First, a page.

# Code efficiency in Scala loops, counting up or counting down?

Clearly, if you need to count up, count up. If you need to count down, count down. However, other things being equal, is one faster than the other? Here is my Scala code for a well-known puzzle - checking if a number is divisible by 13. In the first example, I reverse my array and count upwards in the subsequent for-loop. In the second example I leave the array alone and do a decrementing for-loop. On the surface, the second example looks faster. Unfortunately, on the site where I run the code, it always times out.

`````` // works every time
object Thirteen {
import scala.annotation.tailrec

@tailrec
def thirt(n: Long): Long = {
val getNum = (n: Int) => Array(1, 10, 9, 12, 3, 4)(n % 6)
val ni  = n.toString.split("").reverse.map(_.toInt)
var s: Long = 0
for (i <- 0 to ni.length-1) {
s += ni(i) * getNum(i)
}
if (s == n) s else thirt(s)
}
}

// times out every time
object Thirteen {
import scala.annotation.tailrec

@tailrec
def thirt(n: Long): Long = {
val getNum = (n: Int) => Array(1, 10, 9, 12, 3, 4)(n % 6)
val ni  = n.toString.split("").map(_.toInt)
var s: Long = 0
for (i <- ni.length-1 to 0 by -1) {
s = s + ni(i) * getNum(i)
}
if (s == n) s else thirt(s)
}
}
``````

1. Is there an obvious rule I am unaware of?
2. What is an easy way to test two code versions for performance – reliably measuring performance in the JVM appears difficult.
3. Does it help to look at the underlying byte code?
4. Is there a better piece of code solving the same problem, If so, I'd be very grateful to see it.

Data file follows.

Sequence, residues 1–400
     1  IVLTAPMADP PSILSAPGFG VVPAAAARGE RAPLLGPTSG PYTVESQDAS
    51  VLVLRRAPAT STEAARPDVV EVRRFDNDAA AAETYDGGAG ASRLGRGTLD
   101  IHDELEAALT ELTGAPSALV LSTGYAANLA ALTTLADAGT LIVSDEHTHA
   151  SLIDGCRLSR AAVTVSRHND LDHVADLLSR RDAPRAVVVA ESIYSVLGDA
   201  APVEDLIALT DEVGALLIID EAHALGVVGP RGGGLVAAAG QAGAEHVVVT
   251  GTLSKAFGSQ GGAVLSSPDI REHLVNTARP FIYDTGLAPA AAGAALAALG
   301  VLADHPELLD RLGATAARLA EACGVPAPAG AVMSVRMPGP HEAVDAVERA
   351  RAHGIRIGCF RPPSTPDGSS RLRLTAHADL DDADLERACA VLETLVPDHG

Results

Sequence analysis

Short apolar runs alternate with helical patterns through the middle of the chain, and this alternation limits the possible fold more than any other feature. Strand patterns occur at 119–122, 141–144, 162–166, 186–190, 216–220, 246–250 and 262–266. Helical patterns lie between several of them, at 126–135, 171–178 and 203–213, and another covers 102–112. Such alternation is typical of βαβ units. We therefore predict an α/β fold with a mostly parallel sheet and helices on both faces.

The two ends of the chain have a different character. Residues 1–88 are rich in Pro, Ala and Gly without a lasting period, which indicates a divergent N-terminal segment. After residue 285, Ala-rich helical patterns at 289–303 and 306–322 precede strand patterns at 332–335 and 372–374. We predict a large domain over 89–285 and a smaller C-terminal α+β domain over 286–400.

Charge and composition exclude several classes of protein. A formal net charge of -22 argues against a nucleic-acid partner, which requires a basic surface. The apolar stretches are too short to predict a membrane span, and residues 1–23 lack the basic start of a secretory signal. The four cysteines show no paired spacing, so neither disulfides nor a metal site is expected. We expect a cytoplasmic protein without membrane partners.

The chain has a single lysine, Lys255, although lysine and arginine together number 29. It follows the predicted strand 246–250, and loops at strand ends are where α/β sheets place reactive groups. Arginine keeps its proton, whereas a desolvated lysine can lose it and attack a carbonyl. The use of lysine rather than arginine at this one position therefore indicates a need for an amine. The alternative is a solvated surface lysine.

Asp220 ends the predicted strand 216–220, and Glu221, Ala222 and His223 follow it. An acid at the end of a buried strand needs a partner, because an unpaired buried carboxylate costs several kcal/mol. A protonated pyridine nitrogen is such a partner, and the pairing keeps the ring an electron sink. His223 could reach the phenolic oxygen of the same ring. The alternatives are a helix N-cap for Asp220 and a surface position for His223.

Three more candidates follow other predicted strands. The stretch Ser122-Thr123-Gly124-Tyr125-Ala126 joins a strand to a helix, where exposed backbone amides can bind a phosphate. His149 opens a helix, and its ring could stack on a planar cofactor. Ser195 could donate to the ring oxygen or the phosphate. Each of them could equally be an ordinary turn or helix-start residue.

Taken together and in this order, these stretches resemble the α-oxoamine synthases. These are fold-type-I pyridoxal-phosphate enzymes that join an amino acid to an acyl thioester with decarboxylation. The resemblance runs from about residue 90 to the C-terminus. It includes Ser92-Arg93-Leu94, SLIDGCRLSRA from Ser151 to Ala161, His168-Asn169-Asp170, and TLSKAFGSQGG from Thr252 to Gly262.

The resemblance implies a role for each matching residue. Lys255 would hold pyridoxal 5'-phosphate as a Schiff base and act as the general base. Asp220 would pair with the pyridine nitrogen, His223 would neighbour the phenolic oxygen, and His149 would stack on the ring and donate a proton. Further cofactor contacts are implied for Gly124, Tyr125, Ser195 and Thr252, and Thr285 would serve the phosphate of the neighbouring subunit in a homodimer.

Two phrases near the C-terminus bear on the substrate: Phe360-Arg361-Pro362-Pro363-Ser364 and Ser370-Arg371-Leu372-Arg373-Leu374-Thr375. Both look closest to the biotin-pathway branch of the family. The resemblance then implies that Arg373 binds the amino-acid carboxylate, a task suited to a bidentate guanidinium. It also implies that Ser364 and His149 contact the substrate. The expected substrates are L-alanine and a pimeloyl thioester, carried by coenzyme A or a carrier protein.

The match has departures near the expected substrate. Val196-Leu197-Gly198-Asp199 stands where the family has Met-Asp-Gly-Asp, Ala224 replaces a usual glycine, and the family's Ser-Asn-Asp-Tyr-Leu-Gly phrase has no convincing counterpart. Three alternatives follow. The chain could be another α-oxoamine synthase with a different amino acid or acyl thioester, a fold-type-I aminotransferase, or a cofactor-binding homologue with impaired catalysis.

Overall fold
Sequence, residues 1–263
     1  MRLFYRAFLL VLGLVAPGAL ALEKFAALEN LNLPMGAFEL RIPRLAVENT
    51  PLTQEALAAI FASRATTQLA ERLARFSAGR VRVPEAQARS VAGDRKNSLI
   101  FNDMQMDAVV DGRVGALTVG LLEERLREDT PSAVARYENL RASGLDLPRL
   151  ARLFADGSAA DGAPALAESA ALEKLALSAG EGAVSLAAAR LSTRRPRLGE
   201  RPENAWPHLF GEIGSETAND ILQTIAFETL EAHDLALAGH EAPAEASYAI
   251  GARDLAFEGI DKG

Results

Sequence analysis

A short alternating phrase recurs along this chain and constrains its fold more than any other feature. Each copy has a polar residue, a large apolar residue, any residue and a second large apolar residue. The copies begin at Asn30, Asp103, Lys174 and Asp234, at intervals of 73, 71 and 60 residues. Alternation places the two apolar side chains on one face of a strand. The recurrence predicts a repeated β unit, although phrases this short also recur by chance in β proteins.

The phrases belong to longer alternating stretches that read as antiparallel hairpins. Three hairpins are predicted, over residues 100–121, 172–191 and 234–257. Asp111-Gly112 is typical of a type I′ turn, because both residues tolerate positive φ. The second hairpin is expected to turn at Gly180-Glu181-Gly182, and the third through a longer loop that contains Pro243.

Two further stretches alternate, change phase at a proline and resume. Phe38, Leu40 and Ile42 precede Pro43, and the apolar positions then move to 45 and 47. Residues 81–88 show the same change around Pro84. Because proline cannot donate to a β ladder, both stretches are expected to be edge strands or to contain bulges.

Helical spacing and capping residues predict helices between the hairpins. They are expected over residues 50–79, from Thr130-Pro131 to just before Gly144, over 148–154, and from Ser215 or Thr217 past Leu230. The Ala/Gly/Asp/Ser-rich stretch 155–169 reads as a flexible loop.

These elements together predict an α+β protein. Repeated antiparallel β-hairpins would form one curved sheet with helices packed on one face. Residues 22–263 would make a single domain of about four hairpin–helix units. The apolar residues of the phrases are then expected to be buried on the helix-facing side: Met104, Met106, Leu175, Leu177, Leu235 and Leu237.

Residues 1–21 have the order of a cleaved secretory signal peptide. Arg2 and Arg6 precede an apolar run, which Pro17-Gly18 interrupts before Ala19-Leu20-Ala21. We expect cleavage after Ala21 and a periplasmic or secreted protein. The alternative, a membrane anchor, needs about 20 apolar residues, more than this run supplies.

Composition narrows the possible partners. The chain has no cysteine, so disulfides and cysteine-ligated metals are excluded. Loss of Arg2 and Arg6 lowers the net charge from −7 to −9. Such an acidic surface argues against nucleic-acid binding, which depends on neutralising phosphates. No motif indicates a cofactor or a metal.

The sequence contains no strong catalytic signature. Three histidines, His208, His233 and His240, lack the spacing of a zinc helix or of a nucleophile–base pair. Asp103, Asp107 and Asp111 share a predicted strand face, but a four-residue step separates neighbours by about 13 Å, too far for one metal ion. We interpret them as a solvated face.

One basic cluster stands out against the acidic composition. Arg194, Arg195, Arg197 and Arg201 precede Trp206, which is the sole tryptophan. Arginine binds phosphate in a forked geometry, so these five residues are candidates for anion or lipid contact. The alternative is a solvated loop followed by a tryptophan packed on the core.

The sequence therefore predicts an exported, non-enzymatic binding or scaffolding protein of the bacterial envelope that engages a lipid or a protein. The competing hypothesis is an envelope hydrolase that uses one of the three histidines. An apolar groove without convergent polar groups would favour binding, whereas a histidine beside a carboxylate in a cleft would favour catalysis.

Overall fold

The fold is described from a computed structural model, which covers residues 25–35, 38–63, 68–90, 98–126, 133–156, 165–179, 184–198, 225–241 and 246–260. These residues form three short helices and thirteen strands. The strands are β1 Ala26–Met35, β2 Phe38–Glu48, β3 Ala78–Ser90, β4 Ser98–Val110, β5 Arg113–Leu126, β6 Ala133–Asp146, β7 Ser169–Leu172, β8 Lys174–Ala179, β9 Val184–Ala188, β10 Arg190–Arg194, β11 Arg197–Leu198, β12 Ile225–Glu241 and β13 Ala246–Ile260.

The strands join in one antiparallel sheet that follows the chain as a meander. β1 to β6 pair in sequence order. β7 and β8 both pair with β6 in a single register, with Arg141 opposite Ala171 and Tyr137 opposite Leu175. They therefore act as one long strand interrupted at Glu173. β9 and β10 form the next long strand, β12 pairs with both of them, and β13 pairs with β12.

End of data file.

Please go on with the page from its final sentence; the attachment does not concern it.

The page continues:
Whilst I've seen similar questions, I can't find a definitive answer.

• I don't know if this would be any faster, but the code would be cleaner: `val s :Long = ni.indices.foldLeft(0L){case (acc,x) => acc + ni(x)*getNum(x)}`
– jwvh
Commented Oct 20, 2018 at 10:05
• I agree, much cleaner and runs successfully. Thank you.
– Fred
Commented Oct 20, 2018 at 10:34
• The best tool that I'm aware of for benchmarking Scala code performance (in terms of CPU and memory overhead) is ScalaMeter. It allows warm-up periods before collecting data (to account for JIT performance improvements) and discarding of results due to GC cycles, etc. Commented Oct 20, 2018 at 16:18
• When I run your code on `130`, I see `i` bouncing forever at 0 and 1. With another println, it is recursing on `13` and `31`. So it's the algorithm, not the control structure or the Range. Commented Oct 20, 2018 at 18:02
• I see the problem - a descending index is not enough. Many thanks for pointing that out, som-snytt.
– Fred
Commented Oct 20, 2018 at 19:14

``````val nums :Stream[Int] = 1 #:: 10 #:: 9 #:: 12 #:: 3 #:: 4 #:: nums